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When the Art of Languages Meets the Art of Cinematography

Updated: Nov 15, 2023

Creating New Languages for Film and TV


In the world of film and television, the story has always taken centre stage. After all, it is from the story that key elements such as plot, setting, characters, and conflict emerge. But what happens when you want to truly immerse the viewer in the story and create a whole new world? That’s when the creation “conlangs”—unique languages built specifically for film and television—come into the picture to further enrich the fantasy.


The creation of languages in the arts is not new. Imaginary languages have long since been used in literature, notably in works of fiction such as Jules Verne’s “Twenty Thousand Leagues Under the Sea,” in which Nemo’s crew speak a language that mixes Latin, French, and German. Although originally created and used in books, it is in movies and television that conlangs have gained strength and become powerful tools.


The art of creating a new language


Creating a conlang is a painstaking and precise process that involves not only expert linguists, but also directors and story creators.


Here are some of the key points to keep in mind when creating a conlang:


Cultural research: The first step—and perhaps one of the most important—is to define the cultural environment in which the new language will be set. This helps to establish the appropriate tone, vocabulary, and overall structure of the new language. The conlangs must be attuned to the culture and history of the world in which they will be used.


Phonetics and phonology: Designing the sounds of the language is essential to give it authenticity and coherence.


Grammar: Establishing grammatical rules is crucial for the credibility of a conlang. These rules can be based on the grammar of existing language or rely on a completely new syntax and morphology.


Vocabulary: Develop a set of words that reflect the culture and context of the fictional world, and successfully communicate the messages the creator of the film or series wishes to convey.


Writing system: A conlang writing system can be based on an existing alphabet, such as Cyrillic, a new writing system specific to the language can be developed.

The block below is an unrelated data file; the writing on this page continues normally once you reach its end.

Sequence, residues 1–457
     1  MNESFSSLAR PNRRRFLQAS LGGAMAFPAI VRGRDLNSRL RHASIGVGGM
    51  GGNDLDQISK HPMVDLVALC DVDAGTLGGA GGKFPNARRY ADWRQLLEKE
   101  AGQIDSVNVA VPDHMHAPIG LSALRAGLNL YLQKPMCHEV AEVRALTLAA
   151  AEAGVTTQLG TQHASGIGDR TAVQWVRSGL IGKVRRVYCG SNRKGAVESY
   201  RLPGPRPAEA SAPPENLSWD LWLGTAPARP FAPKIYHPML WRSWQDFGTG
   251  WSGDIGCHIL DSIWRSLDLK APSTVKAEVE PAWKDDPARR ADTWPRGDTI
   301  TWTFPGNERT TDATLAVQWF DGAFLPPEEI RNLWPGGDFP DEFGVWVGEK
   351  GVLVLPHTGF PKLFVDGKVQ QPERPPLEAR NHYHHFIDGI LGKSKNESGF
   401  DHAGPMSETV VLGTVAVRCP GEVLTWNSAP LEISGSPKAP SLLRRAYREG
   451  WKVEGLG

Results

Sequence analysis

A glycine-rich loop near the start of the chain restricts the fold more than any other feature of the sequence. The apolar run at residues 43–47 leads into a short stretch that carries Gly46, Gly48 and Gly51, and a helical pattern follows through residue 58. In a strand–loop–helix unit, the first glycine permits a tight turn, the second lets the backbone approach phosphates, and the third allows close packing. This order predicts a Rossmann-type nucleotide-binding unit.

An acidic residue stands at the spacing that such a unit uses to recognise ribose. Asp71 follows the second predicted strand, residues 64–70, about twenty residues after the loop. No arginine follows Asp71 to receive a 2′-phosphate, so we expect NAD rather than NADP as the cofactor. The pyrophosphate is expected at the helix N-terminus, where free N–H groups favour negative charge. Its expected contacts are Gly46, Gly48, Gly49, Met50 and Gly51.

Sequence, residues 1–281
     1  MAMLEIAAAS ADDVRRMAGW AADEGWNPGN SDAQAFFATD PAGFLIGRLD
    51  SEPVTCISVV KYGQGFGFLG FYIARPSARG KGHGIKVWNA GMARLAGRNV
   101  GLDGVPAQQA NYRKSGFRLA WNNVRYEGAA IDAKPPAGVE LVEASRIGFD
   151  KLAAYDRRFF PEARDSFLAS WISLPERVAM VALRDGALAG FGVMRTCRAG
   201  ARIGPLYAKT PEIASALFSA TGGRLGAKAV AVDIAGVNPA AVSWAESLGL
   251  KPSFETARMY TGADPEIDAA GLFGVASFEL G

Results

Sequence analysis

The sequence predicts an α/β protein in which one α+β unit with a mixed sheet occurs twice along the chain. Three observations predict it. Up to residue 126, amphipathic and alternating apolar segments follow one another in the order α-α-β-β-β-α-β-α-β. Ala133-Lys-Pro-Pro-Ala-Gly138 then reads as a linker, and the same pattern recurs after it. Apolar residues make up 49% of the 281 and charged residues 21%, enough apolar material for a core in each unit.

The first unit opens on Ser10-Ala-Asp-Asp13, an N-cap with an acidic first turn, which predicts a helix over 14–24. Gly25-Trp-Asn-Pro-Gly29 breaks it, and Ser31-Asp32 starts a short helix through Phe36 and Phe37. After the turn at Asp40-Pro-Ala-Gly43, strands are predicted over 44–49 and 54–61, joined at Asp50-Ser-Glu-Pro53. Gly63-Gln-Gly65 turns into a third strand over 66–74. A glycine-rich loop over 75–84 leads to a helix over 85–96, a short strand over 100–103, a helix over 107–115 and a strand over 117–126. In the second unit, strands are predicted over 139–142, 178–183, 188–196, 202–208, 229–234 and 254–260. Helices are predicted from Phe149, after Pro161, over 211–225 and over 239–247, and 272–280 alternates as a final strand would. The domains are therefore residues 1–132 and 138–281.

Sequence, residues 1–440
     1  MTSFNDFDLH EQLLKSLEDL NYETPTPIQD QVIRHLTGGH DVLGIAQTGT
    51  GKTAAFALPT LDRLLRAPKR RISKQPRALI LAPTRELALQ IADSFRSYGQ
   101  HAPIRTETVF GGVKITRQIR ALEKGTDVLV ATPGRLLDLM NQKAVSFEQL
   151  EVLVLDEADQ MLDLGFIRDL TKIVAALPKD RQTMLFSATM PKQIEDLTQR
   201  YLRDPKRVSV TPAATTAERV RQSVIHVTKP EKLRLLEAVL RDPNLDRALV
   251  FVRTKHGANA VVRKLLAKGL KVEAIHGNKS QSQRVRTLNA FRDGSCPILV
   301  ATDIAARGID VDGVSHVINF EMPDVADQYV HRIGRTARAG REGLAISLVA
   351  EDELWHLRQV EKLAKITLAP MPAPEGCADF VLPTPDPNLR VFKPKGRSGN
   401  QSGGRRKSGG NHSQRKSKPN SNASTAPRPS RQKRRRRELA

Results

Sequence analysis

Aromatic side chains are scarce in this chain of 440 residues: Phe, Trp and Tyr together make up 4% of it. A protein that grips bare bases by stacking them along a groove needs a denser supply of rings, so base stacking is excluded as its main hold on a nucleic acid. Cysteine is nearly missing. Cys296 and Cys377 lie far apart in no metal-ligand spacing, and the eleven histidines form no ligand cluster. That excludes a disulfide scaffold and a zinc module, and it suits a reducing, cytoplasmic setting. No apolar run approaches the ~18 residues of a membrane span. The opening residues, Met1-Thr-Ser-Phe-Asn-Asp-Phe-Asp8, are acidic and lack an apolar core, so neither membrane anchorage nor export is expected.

Here are some iconic conlangs that have been created for film and television:


Klingon and Vulcan

These languages were created by Marc Okrand and were first heard in the “Star Trek” movies and series. They are two of the best-known conlangs and have a dedicated fan base. Companies such as Ultralingua Inc. have developed linguistic tools, including dictionaries and phonetic tools, to help people learn these languages. Since 1992 there has even been a “Klingon Language Institute” focusing on the study of this language and its surrounding culture.



Dothraki and Valyrian

Dothraki was created by linguist David J. Peterson, who won a contest organized by the creators of “Game of Thrones” in 2009. The author explains that its grammar is similar to that of Russian. Its guttural phonetics helped to immerse viewers in the vast landscapes of its history. Also created by Peterson for the Game of Thrones universe, Valyrian is based on Latin and Greek, as its creator wanted it to sound and feel like a living language. Both languages can currently be learned, as they have grammar and vocabulary that allow for fluent communication. According to CNN, around 1.2 million people are learning Valyrian.



Na’vi

Created by Paul Frommer for the movie “Avatar” in 2009, this conlang is spoken by the inhabitants of the magical world of Pandora. Na’vi consists of twenty consonants, seven vowels and four diphthongs, which achieves fluency and authenticity that contribute significantly to the cinematic experience. It has Persian influences in its grammar and some of the words in its vocabulary resemble Bahasa Malaysia.



Minionese

Also known as “Minion Language” or “Banana Language,” this conlang was created by Pierre Coffin and Chris Renaud, directors of the movie “Despicable Me,” to give life and personality to the Minions. Although not as complete or complex as other conlangs, it has left a mark on the film industry due to its unusual phonetics. This language relies heavily on onomatopoeia (words like “crash” or “bang” that sound like the noise they describe) and borrows words from other languages, such as English, Spanish, Italian, Filipino and Korean, to create an unexpected series of humorous sounds.


Quenya and Sindarin

J. R. R. Tolkien, author of the famous saga “The Lord of the Rings” and “The Hobbit,” created these two languages for his fictional world of Middle-Earth. Sindarin is based on Welsh and can be written with the Latin, Cirth, and Tengwar alphabets, whereas Quenya is influenced by Finnish, Latin, Greek and Celtic. Some authors consider them to be the most developed artificial languages of all times. In addition, Tolkien created fifteen different Elvish dialects and even a type of sign language used by the dwarves.


Thanks to advances in Artificial Intelligence (AI), the next few years could see the emergence of AI‑generated languages specifically adapted for fictional worlds. Future conlangs could also use more inclusive language representing linguistically neglected communities.


The creation of fictional languages in the film and television industry enriches our cinematic experience. As the industry evolves, the art of creating new worlds through language will continue to be integral to the development of captivating narratives and stories.


Have you ever invented a secret code or novel form of communication? If so, we’d love to know more about it!







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